DO IT: Assume a pushup position with your hands below your shoulders and your body forming a straight line from your head to your heels. This is the starting position. Lifting your right foot off of the floor, drive your right knee towards your chest. Tap the floor with your right foot and then return to the starting position. Alternate legs with each repetition.
About: Two years ago, January hit rock bottom. She came to the realization that she was a food addict. A few days (and a whole lot of cookie dough) later, January joined Overeaters Anonymous and turned to God to overcome her gluttony and addiction, blogging about it to hold herself accountable. Today, January’s a champion for God and using faith to shed unwanted pounds.
About: Andie’s well-known for her New York Times bestselling memoir “It Was Me All Along” where she chronicles how she lost 135 pounds 10 years ago. But it’s her blog that drew us to her for this list, especially considering that she’s managed all this time to KEEP that weight off. Andie also wrote a cookbook, “Eating in the Middle,” featuring (mostly) healthy recipes. Plus, Andie’s blog is chock full of healthy recipes too (and the occasional indulgence), lessons she learned while losing weight and how she transformed her relationship with food and her body.
About: Holly’s story starts and ends with food. Years ago, Holly spent every waking minute obsessing over every calorie, every bite and trying every yo-yo diet she could think of to shed pounds. But then one day she woke up and realized she would never find happiness living that way. She began focusing on finding a love of healthy food and cooking, a love she now shares on her blog and sees as her true purpose in life. There, you’ll find everything you need to learn to enjoy food again without all the guilt.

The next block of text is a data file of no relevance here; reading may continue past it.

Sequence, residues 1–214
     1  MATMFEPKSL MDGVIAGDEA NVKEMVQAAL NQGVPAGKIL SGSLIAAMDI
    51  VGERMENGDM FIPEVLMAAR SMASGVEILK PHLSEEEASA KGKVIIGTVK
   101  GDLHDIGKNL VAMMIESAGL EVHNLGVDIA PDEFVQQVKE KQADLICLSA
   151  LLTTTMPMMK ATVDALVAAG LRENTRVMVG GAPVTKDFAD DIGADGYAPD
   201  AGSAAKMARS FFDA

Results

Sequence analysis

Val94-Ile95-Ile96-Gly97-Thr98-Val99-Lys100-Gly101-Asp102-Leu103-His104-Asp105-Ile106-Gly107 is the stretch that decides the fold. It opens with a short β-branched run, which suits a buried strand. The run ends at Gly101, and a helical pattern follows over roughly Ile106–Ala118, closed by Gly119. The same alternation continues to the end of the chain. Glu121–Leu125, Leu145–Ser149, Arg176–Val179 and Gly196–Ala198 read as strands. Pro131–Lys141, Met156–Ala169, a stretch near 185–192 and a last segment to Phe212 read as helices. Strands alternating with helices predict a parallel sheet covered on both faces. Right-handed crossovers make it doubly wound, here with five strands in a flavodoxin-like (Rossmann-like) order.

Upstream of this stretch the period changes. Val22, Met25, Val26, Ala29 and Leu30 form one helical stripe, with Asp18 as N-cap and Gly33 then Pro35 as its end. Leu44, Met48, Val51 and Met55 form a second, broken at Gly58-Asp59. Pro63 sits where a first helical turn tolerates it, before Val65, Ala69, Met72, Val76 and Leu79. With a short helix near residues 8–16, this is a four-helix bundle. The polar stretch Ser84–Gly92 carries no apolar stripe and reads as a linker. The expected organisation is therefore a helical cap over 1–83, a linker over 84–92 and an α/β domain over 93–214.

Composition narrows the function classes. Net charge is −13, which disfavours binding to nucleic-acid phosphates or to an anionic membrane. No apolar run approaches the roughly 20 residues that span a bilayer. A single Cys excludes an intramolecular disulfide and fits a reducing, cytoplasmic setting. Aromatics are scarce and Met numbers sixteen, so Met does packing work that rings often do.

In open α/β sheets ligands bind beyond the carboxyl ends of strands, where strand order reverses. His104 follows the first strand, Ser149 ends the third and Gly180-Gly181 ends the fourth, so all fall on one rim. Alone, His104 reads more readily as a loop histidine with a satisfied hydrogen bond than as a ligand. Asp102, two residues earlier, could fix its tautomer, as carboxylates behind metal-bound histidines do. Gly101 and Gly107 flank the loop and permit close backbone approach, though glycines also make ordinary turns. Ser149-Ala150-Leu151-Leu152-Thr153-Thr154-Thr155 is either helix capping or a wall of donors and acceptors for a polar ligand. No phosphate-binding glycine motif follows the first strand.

Make your own. It’s easy! From one 14-ounce can of no-salt-added cannelini beans, spoon out 2 tablespoons of beans. Puree the rest. In a medium nonstick pot, sauté 5 cloves of chopped garlic until translucent. Add 2 cups low-sodium chicken broth and 1 head of escarole, chopped, or a package of frozen chopped spinach. Simmer for about 15 minutes. Add pureed beans, red pepper flakes and black pepper, to taste, and cook 1 minute longer. Garnish with the beans you spooned out plus, if you desire, a little chopped red bell pepper. Refrigerate or freeze what you don’t eat for easy soup prep for a future lunch or dinner.
What the diet advocate says: 'The key components of a Mediterranean diet are lots of vegetables, olive oil, oily fish and nuts, with no calorie restrictions. Combine that with cutting down on sugar, which was traditionally a rarity in the region, and you’ve got the base of the Mediterranean diet right. And if you get the base right you can eat a little of whatever else you like,' says Consultant Cardiologist Dr Aseem Malhotra.
About: Simon and Becky are lifelong health enthusiasts. They care about making wholesome choices, and they care even more about helping you do the same. Rather than get super personal, Simon and Becky’s blog is dedicated to bringing readers the latest news, information, tips and advice for achieving a healthy lifestyle. You’ll find all the info you need, from diets, to celebrity tips, to beauty, to fitness and more.
Her focus is on getting the most enjoyment out of the limited number of calories she can eat each day, so she resorts to a variety of pre-packaged, low-fat foods like cereal, low-calorie juice, snack packs, some fruit, and other whole grain foods. If she’s a little more in tune with what her body needs, she’ll also sneak in some low-fat or fat-free protein like chicken breasts, non-fat yogurt or fat-free cheese.
Nicole Morrissey is a registered dietitian who works specifically with diabetes and weight management. What sets her apart from many other dietitians is that she’s struggled with her own weight since a young age. She was 14 when she went to her first Weight Watchers meeting, and the years that followed brought many ups and downs. Today, she accepts that she “may forever be a work in progress,” so she focuses on balance. That means healthy, good-for-her foods, and doing the active things she loves, like running and hockey. Visit the blog.